What does this well have to do with a terrible death in south east Denmark in the middle ages? (Photo: Museum of south east Denmark)

800-year-old well casts new light on medieval murder

How did a young woman come to be buried on unconsecrated ground almost 1,000 years ago? A new archaeological discovery could cast light over the story.

Was it a murder committed in a moment of uncontrolled anger? Or a carefully planned attack?

We will probably never know. But thanks to the history books, we do know that on October 25th 1176 CE, a man by the name of Herlog killed his wife, Margrethe. And we also known that he attempted to cover his tracks.

Perhaps it was because Margrethe was related to one of Denmark’s most powerful men, Bishop Absalon of Roskilde and right hand man to King Valdemar I.

Herlog hanged his wife from a rafter in a barn and made it look like suicide. And he must have thought that he had gotten away with it.

The well during excavation. (Photo: Museum of south east Denmark)

But he should have known better.

Here, you can see a 3D-model of the well. Click and drag the image to rotate and double click to zoom in. (Illustration: Jeppe Færch-Jensen, Museum South-east Denmark)

Archaeologists have found a possible piece of the puzzle in Ølsemagle, a few kilometres east of Margrethe and Herlog’s home in Højelse, south-east Denmark.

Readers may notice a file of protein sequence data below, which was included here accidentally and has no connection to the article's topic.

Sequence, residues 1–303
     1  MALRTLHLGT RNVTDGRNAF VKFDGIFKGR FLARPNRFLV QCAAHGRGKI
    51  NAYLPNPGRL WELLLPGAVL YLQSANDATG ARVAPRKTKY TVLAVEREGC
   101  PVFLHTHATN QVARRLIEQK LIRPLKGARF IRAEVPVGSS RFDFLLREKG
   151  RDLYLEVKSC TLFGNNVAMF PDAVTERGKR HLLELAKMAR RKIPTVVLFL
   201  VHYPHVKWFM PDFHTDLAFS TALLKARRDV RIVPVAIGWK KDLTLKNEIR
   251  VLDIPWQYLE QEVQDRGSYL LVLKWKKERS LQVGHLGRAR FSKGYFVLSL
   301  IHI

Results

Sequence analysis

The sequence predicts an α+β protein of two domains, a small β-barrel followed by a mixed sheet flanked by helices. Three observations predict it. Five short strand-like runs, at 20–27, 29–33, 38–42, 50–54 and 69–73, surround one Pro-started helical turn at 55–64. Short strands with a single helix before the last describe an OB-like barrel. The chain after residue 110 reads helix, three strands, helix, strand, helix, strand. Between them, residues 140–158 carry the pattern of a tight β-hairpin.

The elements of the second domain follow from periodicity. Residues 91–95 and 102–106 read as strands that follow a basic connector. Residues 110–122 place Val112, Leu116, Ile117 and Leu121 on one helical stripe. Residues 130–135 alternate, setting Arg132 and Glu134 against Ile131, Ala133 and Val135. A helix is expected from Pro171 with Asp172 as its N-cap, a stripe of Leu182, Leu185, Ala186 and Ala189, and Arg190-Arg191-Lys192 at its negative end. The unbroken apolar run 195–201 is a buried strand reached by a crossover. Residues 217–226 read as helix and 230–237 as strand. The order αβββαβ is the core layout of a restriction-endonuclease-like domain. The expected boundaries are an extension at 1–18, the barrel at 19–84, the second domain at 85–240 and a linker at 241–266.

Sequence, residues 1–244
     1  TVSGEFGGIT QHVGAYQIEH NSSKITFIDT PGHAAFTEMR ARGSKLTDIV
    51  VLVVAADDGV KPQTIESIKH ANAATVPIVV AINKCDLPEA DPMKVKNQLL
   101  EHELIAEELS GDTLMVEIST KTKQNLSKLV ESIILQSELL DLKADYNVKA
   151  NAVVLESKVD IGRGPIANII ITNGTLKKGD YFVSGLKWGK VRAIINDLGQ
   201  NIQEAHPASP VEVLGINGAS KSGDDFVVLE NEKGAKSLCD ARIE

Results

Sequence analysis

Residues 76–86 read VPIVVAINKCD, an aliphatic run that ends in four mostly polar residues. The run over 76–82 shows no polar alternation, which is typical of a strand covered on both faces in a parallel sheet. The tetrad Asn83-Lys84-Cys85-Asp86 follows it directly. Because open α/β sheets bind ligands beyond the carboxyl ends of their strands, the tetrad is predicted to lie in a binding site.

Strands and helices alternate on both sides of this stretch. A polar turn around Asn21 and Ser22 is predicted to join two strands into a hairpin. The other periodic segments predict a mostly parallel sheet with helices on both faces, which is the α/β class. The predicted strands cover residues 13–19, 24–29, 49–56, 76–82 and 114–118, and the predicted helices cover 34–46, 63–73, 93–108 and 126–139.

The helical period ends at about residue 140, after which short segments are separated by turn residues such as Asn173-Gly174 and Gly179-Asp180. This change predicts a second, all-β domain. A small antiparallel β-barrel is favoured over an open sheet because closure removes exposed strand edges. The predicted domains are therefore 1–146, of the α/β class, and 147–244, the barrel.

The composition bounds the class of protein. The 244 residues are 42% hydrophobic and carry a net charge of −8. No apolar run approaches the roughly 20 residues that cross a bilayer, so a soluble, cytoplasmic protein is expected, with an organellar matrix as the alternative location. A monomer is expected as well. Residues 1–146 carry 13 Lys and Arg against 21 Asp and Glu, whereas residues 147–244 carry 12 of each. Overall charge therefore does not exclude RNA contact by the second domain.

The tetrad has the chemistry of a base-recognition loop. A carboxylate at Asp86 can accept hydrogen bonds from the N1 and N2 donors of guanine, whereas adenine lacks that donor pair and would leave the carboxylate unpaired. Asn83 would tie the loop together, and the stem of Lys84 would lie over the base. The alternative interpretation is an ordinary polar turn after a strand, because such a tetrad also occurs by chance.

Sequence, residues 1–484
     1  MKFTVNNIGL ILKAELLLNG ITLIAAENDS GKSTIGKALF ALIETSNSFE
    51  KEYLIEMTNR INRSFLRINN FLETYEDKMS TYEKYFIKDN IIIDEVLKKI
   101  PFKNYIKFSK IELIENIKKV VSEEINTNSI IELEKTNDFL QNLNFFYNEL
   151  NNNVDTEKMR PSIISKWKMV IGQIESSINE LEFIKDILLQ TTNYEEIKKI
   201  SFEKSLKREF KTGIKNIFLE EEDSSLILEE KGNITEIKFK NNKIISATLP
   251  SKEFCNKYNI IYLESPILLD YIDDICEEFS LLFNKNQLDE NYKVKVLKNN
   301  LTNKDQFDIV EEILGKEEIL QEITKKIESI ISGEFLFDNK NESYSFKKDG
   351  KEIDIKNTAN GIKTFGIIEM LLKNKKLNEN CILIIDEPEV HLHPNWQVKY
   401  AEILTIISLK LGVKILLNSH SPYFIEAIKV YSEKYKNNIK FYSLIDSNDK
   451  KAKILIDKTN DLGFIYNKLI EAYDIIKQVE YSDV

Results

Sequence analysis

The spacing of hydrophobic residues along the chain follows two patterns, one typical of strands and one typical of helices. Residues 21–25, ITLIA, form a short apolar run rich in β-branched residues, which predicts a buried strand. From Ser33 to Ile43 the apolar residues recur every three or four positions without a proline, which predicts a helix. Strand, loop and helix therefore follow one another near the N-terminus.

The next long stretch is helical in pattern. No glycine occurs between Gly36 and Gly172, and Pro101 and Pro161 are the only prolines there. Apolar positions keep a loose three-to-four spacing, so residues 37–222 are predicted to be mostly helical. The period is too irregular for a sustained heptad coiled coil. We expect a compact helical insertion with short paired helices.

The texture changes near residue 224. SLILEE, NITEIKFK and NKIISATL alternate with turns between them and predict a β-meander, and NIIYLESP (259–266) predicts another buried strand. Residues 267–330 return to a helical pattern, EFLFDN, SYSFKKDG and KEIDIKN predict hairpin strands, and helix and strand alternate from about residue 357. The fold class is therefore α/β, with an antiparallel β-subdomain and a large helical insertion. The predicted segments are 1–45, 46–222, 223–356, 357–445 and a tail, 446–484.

A well, built at the end of the 12th century at around the same time that Margrethe was buried.

The well is made out of limestone—an unusual choice for a simple well at this time.

“I don’t know of any such early limestone buildings apart from churches, chapels, and Absalon’s castle in Copenhagen. It became a very common building material in East Zealand, but not until later on. So I was very doubtful that it could really be so old,” says archaeologist Maja Schultz, a curator at the Museum of South east Denmark.

Read More: Archaeologists discover a Viking toolbox

Mysteries surround Margrethe

In the middle ages it was a sin to commit suicide and Margrethe of Højelse, as she became known, was denied a burial on consecrated ground. Instead, she was said to have been laid to rest in “a field near Køge beach” as a disgrace to her family—one of the most powerful in Denmark at the time.

But soon after, mysterious things started to happen in the field. Light fell down from the sky in the middle of the night and people began to suspect mischief. Something was wrong. But what? Absalon was informed.

Herlog was called in for questioning and eventually he broke down and confessed his sin: Margrethe’s suicide was staged. In 1177 CE, her body was dug up and carried in precession to the church in Roskilde and reburied, while Absalon began to fight for her to be sainted.

He also built a chapel in the field in her honour. But no historical sources recorded the site of this chapel.

Read More: Archaeologist: Excavate more before climate change destroys our cultural heritage

Traces of the chapel excited archaeologists

In 1984, archaeologists began to catch wind of Margrethe’s chapel in connection with a smaller excavation in the vicinity of a well. They found fragments of large medieval bricks and limestone in the top soil along with what looked like the remains of a floor.

The farmer said that he often came across large stones of this type, which he imagined had once been the foundations of a building. But the archaeologists became even more excited when they learnt that a nearby field was known as “chapel’s field.”